Article: Staying Safe and Sound Thanks to MDSD
In this article, Andreas Kaltenbach explains how Model-Driven Software Development (MSDS) can help solving backward compatibility problems when creating a newer version of a software which can mean a new API or a new database schema that old clients cannot use. MSDS is used to negotiate the differences between versions to ease the upgrading process.
Each new software product becomes old and legacy after is installed and used by clients. New versions of the software will need to consider the old one and the existing client base. There are two important areas subject to changes that need to be taken into consideration: API and database schema.
The article explains how MSDS helps creating API and database schema difference reports showing what has changed in the new version of a software thus keeping the change under control.
COPE framework - Coupled Evolution of Metamodels and Models
Re: Diff Model
I strongly believe that a "Change DSL" where you explicitly describe the changes to the model is the key here. The diff model can then be used as a validation that your change description is complete and that you can derive the new from the previous model.
From the "Change DSL" (can be OAW xText based) written transition the backward compatibility and database scripts can then be easily derived.
Re: Diff Model
1. We need a tool to estimate the diff between two models. With EMF Compare, this already exists. For sure, EMF Compare has its limitations - in the worst case it assumes that there is no similarity at all between two models. A robust solution has to absorb this case and has to react accordingly.
2. With the diff at hand we can do whatever we want. I highlighted two possible approaches (API compatibility & Schema Derailment) in the article.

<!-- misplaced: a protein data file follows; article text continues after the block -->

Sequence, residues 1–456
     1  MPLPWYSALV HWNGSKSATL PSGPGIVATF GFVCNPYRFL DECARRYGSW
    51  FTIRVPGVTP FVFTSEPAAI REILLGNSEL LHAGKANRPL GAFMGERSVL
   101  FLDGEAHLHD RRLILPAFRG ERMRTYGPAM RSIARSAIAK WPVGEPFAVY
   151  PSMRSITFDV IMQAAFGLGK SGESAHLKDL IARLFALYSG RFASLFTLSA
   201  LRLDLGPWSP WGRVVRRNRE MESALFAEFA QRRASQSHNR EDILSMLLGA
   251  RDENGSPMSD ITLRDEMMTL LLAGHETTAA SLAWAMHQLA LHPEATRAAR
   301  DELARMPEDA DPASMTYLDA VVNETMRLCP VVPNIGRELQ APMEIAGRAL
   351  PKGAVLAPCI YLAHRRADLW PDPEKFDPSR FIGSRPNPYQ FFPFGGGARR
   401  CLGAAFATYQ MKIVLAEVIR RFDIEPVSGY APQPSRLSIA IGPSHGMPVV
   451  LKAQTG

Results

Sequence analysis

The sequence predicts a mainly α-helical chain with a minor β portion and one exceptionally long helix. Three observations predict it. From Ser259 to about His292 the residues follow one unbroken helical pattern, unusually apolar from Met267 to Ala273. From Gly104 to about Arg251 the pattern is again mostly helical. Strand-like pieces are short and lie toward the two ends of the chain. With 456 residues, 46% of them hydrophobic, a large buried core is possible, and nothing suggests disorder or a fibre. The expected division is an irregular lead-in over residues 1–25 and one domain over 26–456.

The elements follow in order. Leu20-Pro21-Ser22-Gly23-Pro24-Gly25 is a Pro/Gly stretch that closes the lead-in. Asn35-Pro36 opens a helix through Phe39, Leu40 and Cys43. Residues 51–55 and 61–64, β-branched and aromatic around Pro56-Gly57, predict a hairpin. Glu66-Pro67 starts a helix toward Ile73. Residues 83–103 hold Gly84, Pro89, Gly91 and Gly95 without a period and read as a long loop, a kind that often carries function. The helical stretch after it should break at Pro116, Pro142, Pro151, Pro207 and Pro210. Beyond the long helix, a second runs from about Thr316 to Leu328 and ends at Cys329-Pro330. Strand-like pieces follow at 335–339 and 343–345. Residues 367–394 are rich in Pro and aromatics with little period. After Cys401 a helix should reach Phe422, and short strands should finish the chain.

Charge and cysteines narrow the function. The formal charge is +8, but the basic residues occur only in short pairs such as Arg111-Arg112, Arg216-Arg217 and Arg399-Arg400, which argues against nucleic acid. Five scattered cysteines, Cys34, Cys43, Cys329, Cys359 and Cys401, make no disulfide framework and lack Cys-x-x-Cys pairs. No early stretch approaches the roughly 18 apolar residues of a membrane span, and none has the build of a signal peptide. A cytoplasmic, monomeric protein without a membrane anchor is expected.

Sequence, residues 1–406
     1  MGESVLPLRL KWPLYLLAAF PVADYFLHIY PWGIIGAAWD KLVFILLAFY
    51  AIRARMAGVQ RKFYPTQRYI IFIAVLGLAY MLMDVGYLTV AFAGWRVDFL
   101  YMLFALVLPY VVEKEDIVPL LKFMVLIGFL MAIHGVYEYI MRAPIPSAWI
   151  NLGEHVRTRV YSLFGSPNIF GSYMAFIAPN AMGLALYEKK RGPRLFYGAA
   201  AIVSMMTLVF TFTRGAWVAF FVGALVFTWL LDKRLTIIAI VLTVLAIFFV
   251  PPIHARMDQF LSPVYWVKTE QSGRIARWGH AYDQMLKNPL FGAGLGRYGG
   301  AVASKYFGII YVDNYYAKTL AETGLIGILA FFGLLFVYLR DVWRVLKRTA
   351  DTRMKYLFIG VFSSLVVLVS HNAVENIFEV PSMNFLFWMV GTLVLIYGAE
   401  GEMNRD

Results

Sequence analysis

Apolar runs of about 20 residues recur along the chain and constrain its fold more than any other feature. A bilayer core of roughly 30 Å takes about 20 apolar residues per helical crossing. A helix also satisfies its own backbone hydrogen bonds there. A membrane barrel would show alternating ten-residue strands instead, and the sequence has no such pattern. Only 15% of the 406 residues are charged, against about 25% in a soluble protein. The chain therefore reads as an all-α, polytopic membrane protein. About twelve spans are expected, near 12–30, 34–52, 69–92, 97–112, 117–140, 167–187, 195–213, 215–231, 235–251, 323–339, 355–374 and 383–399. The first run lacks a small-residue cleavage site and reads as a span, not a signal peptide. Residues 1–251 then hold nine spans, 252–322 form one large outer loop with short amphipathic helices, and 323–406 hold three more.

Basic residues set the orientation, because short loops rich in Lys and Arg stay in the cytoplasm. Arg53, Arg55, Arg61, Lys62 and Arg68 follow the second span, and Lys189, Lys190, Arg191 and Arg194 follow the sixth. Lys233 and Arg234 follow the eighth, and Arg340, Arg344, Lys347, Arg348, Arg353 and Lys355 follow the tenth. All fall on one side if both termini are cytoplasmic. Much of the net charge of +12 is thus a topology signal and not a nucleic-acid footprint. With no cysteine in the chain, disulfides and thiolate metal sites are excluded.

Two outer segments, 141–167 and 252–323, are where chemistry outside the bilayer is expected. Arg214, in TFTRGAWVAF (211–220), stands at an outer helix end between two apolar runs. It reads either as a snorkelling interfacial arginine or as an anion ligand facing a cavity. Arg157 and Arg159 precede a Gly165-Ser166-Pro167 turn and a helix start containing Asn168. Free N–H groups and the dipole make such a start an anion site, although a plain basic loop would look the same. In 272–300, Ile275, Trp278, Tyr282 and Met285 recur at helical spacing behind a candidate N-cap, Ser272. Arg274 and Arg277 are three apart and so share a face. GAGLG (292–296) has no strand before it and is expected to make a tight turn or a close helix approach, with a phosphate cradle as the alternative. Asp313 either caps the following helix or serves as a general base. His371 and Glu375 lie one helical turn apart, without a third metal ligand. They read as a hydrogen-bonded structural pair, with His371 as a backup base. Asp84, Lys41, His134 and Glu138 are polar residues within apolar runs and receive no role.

Yes Karsten, it is important to confess that such solutions will never release developers from thinking about compatibility concerns of their products. A 100% generation of backwards compatibility artefacts is neither desired nor possible in my opinion. The sum of compatibility artefacts consists of generated and manually written code. I tried to indicate this in the pictures by using blue for generated and grey for manually written artefacts. For the manual part, such a "Change DSL" you mentioned seems to be the perfect match ;-)
The diff tooling has two strong benefits:
First, it provides guidance and support for developers. It is able to detect deviances between model versions. Even the availability of system change information helps to make developers aware of incompatibilities.
Second, such tooling covers changes which happen often and follow a certain pattern (e.g. the typical renaming of model elements). For such recurring patterns it is worth writing code once that produces the needed artefacts. Once, you described which artefacts should be derived for a certain change pattern, you could reuse it whenever a change, following the same pattern, is detected.
Shane Hastie on Distributed Agile Teams, Product Ownership and the Agile Manifesto Translation Program
Shane Hastie Apr 17, 2015